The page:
In January 2020, three weeks before the pivotal Iowa caucuses, six Democratic presidential candidates met on the debate stage in Des Moines. Given one minute to leave voters with a final closing statement, most strove to draw a sharp contrast between themselves and their would-be opponent in the general election, now-former President Donald Trump. But how they did this varied considerably. Now-President Joe Biden used broad, abstract language that emphasized his view of the big-picture stakes, speaking of “restoring America’s soul” and “leading by example, not by power.” In contrast, Senator Amy Klobuchar used concrete language that focused on specific issues such as health care and schools, emphasizing her pragmatic record of winning elections and passing bills.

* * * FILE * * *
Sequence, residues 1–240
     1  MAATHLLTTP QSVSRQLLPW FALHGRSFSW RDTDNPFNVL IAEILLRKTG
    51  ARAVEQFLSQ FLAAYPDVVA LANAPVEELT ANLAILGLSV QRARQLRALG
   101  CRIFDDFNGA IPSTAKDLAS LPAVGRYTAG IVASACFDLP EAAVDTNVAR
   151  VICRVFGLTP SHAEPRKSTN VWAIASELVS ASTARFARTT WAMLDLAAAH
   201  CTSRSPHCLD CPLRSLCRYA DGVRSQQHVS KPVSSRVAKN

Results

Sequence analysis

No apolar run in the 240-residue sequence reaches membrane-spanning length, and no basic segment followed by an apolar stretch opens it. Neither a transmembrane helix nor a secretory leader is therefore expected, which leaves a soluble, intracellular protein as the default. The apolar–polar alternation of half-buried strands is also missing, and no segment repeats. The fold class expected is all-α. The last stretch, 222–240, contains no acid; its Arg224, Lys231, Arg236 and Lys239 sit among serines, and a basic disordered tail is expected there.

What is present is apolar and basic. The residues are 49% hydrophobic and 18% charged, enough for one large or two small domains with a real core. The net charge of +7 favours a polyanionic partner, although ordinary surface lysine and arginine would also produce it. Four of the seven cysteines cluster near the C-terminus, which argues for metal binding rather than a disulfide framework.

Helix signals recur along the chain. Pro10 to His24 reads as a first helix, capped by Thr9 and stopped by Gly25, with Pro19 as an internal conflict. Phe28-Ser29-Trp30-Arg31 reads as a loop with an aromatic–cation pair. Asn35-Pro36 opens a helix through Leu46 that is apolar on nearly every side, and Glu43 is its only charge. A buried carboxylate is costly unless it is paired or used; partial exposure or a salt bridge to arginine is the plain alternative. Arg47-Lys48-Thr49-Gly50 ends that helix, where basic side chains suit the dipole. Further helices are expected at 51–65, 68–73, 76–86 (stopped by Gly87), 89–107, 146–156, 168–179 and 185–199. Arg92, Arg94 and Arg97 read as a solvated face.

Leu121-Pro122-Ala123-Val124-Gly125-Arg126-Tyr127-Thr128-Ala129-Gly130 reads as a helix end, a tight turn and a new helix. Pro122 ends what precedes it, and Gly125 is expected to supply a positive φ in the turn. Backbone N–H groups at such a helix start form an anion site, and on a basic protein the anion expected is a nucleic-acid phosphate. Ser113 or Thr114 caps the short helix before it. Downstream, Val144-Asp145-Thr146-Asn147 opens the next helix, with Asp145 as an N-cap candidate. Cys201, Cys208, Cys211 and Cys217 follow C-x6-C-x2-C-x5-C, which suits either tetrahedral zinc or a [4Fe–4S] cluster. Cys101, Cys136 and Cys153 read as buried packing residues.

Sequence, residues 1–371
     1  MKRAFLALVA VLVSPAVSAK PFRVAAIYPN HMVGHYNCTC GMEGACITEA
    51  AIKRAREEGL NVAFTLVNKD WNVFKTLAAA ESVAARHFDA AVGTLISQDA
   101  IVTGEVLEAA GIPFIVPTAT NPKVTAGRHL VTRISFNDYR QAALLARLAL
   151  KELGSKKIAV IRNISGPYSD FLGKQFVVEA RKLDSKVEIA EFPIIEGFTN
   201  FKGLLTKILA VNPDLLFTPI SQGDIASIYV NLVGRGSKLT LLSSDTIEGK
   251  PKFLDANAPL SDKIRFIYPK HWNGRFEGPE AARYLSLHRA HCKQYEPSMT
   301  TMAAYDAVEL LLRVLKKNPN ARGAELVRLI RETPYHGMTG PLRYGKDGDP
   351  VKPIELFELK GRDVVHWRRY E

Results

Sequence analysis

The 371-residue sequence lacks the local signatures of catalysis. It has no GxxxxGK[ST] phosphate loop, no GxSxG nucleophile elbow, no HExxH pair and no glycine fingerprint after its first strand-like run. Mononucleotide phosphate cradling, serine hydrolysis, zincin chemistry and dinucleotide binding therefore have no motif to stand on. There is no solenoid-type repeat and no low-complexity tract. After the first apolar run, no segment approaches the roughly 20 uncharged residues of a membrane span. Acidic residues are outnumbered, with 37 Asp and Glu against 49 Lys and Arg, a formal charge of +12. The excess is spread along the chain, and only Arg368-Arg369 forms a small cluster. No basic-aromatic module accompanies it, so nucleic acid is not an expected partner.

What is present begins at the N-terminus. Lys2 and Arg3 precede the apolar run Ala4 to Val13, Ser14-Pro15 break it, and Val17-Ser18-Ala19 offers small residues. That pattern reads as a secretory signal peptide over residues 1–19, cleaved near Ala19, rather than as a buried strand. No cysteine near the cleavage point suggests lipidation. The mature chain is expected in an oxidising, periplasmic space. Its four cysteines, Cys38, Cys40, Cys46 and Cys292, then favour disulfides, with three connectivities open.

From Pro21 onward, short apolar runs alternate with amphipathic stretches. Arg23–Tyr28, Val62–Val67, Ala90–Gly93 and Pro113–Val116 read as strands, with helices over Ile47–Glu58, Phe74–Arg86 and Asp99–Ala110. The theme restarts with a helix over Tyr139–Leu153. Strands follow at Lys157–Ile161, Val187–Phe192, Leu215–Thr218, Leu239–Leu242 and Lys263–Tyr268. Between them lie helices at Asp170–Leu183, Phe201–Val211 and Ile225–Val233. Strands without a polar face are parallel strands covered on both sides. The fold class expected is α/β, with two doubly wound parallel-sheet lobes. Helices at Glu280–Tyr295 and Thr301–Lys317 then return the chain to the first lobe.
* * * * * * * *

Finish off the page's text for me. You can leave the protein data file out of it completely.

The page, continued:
This difference in communication style may seem superficial, but research conducted by ourselves and colleagues including Pamela Smith, Laura Huang, Gil Appel, Albert Han, and Andy Wu suggests that how concretely we communicate can have a major impact on how we’re perceived. In particular, our studies have shown that people tend to associate abstract language with power and leadership, and that in general, men tend to speak more abstractly than women — meaning that in some contexts, the way women are socialized to communicate may sometimes make them less likely to be seen as leaders…
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